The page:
“If you are having energy problems the direction to go in is not into more caffeine but away from caffeine to help your body rebuild its energy supply naturally,” says MacDougall, and it appears that this is true.
A scientific study in the US last year tested the effects of caffeine in coffee beans on the production of cortisol (a stress hormone linked to cardiac problems and strokes) and found that caffeine inhibits cortisol production; great news for heart patients, but less so for the average, healthy person. Normal amounts of cortisol are essential for managing your circadian cycle, or body clock. Spikes of cortisol in the morning and afternoon act as a natural perk me up, but drinking coffee soon after waking and post-lunch overrides this hormonal regulator, so you eventually become dependent on caffeine instead.
By lowering coffee intake, or even changing the time of day you drink it, you can help your body restore its natural energy management. As MacDougall says: “Support your body with nutrients and it will make plenty of energy for you.”
Herbologist MacDougall believes one of the best ways to get sufficient nutrients is through herbs and spices: “Most all the foods that we eat have been hybridised to some extent, which usually compromises their antioxidant nutrient profile from the wild ancestors that they came from.
“So where do we get real diversity in our diet? We get it from our herbs and spices because those are still, for the most part, exactly like they were when they were in the wild, and so you get this fantastic array of micronutrients and antioxidants.”
From grass roots to coffee cups
To achieve a satisfying flavour profile, the majority of Teeccino’s ingredients are roasted and ground in their country of origin – dandelions from Eastern Europe and China, carob from Spain and chicory from France – which are roasted and ground in-country before being blended in the US with dates and figs from California. In its efforts to keep as much labour as possible in the country of origin, the company has even taken fair trade a step further.
One of the more unusual ingredients in the dark and French roast is ramón - a bland seed found in Guatemala that when roasted has ‘marvellous combination of both coffee and chocolate notes in it’. MacDougall explains that seeing the potential for this natural flavouring, the company decided to take action.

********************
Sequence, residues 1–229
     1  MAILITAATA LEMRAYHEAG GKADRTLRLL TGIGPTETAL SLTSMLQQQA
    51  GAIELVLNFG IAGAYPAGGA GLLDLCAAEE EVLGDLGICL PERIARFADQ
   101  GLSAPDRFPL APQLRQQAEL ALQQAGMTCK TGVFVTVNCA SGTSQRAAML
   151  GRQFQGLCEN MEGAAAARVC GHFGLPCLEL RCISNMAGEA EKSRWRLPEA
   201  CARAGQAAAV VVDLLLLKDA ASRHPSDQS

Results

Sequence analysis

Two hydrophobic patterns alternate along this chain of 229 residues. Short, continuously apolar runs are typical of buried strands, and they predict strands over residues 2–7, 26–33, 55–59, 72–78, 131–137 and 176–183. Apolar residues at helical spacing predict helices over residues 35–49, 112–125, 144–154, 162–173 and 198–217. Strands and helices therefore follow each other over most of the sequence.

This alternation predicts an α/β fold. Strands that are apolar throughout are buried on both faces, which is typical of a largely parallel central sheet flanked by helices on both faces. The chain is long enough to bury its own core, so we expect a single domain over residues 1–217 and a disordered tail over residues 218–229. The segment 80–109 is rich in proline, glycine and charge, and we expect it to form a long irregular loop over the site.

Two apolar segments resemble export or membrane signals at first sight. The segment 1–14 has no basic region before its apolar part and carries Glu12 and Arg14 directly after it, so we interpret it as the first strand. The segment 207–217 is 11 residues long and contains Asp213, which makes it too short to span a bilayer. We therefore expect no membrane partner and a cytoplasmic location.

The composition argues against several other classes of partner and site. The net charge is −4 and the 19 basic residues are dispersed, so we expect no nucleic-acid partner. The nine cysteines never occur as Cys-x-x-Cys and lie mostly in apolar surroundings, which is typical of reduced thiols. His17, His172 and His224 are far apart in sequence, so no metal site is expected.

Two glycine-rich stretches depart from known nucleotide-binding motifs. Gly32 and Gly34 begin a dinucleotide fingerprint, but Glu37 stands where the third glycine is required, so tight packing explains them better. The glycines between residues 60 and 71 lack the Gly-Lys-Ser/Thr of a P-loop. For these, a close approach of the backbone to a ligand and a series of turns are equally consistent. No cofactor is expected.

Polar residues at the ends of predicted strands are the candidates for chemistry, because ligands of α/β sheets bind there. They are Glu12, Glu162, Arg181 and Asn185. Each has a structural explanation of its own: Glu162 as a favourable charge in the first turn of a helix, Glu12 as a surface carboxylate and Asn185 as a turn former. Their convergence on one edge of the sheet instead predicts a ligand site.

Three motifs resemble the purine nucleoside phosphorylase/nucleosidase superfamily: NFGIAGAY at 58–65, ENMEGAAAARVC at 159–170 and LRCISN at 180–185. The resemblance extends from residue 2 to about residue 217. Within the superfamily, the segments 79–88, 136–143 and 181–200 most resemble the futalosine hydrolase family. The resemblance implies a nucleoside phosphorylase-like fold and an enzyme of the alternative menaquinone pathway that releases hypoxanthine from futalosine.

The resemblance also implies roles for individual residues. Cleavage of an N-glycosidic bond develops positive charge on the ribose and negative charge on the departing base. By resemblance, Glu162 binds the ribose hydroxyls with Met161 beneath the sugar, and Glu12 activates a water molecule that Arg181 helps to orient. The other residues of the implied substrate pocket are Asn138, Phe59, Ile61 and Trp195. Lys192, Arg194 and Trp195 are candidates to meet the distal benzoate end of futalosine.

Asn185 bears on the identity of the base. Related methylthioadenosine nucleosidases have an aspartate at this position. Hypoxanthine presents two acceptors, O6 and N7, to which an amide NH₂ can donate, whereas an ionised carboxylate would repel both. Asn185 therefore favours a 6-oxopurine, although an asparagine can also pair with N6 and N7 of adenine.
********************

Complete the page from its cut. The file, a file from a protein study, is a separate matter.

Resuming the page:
“We found an ingredient that was going to waste on the forest floor and we figured that although we knew the history of it, that the Maya had roasted it and drank it, we tried it ourselves and found that it was delicious,” she says
Teeccino then worked with communities at the Maya Biosphere Reserve to start a local business harvesting the seeds. “They had forgotten that their ancestors had eaten it but now there's a woman's bakery in Guatemala that’s baking cookies and muffins using the seeds, and there's a whole cottage industry that’s sprung up because we started bringing attention to it,” she says.
Broad appeal for regular hot drinks consumers
“A lot of our customers are still coffee drinkers but they either blend or they drink Teeccino in the afternoon and evening,” says MacDougall. “You can drink Teeccino, even though it gives you an energy lift, because it’s a natural energy lift, it won’t override your need to go to sleep. So if you need to go to sleep at night and you still want a nice after dinner drink, you can have a cup of Teeccino without any problem.”
There are several brands on the market offering dandelion coffee; you can buy it as roasted root chunks to grind at home, pre-ground versions and an instant, or if so inclined, you could even go to the trouble of making it yourself. However, Teeccino’s main success has been to make this formerly niche health ingredient into an accessible, commercial product.
The in-between beverage has the great advantage that you prepare it as you would any tea or coffee. You can brew the grounds in a percolator or stove top, or just opt for teabags. This adherence to the normal preparation routine means that people can enjoy and maybe even not notice the difference.